Senator: There have been many other banners on Johnson Hall over the years, including one celebrating the last capital campaign. Sounds structural?

Harbaugh: In 2010 the Senate rejected GC Randy Geller’s attempt to write a policy that would allow the administration to remove your banner. Perhaps the Senate should revisit this

Sullivan: Can faculty help out with the sit-in?

Students: We’re there from 9-5.

4:50 pm    7.   Notice(s) of Motion

4:50 pm    8.   Other Business

5:00 pm    9.   Adjournment


  1. Another stupid proposal 04/05/2016

    Hard to decide which is more ridiculous, but read on to see just how ridiculous the proposed online policy is. Taken literally, no course could be taught online except as something like Skype. No way this is cost neutral. The best practice online courses give students a choice of format and formally norm learning outcomes against regular classes. Assessing learning by inputs is just plain stupid. The unoccupied does not need senate approval for its own procedures. It just wants a hammer from the senate.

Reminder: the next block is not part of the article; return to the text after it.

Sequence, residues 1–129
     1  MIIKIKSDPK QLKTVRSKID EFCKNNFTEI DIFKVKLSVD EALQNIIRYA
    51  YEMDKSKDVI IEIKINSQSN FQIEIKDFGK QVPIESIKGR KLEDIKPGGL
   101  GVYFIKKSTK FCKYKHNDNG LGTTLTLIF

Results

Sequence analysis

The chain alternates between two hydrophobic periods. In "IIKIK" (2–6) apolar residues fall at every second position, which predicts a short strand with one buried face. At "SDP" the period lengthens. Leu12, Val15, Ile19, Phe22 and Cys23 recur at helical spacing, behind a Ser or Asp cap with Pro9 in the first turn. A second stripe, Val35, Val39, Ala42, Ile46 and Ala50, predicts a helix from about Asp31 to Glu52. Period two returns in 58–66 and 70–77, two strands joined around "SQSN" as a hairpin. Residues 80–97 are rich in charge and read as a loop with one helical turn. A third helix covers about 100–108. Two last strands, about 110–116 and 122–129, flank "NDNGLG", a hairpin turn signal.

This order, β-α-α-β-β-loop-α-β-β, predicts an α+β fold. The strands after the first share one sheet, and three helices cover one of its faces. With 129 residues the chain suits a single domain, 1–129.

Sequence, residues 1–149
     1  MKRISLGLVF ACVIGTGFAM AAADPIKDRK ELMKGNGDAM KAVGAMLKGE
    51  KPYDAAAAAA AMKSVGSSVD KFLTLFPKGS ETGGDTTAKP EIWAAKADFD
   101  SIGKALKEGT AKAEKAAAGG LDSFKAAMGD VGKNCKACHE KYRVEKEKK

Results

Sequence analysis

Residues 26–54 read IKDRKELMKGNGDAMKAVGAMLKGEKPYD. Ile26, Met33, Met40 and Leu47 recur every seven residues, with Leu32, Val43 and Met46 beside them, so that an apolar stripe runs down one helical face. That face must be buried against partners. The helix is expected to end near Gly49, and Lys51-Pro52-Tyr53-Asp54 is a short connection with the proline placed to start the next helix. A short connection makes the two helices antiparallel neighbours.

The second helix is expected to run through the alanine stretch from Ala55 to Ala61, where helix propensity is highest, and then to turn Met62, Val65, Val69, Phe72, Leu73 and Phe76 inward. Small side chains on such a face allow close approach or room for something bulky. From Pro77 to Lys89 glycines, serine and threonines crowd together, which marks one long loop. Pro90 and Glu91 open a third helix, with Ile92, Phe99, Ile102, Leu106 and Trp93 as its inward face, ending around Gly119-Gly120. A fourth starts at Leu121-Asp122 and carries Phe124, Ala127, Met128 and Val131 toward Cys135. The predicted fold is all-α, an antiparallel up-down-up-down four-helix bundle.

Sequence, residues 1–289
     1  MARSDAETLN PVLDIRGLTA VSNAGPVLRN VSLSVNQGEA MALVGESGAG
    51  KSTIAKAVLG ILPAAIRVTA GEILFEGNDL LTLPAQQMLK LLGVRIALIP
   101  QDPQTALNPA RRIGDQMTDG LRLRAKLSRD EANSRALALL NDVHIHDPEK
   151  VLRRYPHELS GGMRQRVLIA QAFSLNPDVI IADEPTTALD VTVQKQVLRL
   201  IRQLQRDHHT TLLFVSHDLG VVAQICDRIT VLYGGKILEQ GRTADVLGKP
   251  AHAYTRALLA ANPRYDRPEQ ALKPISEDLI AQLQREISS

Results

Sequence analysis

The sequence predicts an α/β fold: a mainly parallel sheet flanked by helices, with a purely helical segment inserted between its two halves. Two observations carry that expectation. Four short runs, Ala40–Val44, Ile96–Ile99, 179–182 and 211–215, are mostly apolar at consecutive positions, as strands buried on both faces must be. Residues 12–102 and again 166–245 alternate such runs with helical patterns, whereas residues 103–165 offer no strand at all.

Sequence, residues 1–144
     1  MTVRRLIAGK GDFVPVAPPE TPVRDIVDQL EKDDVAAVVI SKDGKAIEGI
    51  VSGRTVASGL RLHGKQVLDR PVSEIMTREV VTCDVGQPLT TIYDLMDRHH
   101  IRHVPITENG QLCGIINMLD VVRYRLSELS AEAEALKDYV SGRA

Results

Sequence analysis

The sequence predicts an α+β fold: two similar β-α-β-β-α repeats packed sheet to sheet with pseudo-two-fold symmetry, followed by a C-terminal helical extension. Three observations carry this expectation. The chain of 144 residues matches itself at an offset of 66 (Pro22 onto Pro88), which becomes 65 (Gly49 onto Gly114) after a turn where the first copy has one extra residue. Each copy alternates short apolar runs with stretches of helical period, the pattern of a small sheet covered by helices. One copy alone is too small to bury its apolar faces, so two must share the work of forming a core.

• Dog 04/06/2016

      I second this. We used to have, through Academic Extension, a reasonable Distance Education program that served large numbers of students reasonably well. Yes there were some problems, but no more so than problems encountered in a typical 300 person lecture. For various arbitrary reasons this mode of curriculum delivery has now come under scrutiny at the UO to the entire detriment of that alternative channel and, as near as I can tell, the thinking about distance ed appears to be at least 20 years old.

      On the other hand, OSU is doing this very much the right way in the current era by partnering with Ecampus

      why do we have to reinvent the wheel all the time here?

  2. uhoh 04/06/2016

    My understanding at OSU is that having any required meeting time or even to regularly scheduled meetings with students is frowned upon. A friend who teaches there was corrected for holding too many meetings on line with their students. The whole point is an open schedule.